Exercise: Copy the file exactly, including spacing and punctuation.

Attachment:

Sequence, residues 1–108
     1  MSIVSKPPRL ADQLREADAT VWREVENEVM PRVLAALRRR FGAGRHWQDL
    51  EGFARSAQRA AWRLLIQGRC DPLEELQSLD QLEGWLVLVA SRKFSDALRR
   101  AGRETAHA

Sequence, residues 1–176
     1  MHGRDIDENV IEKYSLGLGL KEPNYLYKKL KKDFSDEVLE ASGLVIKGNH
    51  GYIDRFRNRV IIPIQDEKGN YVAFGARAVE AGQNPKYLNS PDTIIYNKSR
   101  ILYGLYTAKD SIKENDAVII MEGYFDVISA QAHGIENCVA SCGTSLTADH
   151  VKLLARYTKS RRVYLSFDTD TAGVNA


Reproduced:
Sequence, residues 1–108
     1  MSIVSKPPRL ADQLREADAT VWREVENEVM PRVLAALRRR FGAGRHWQDL
    51  EGFARSAQRA AWRLLIQGRC DPLEELQSLD QLEGWLVLVA SRKFSDALRR
   101  AGRETAHA

Sequence, residues 1–176
     1  MHGRDIDENV IEKYSLGLGL KEPNYLYKKL KKDFSDEVLE ASGLVIKGNH
    51  GYIDRFRNRV IIPIQDEKGN YVAFGARAVE AGQNPKYLNS PDTIIYNKSR
   101  ILYGLYTAKD SIKENDAVII MEGYFDVISA QAHGIENCVA SCGTSLTADH
   151  VKLLARYTKS RRVYLSFDTD TAGVNA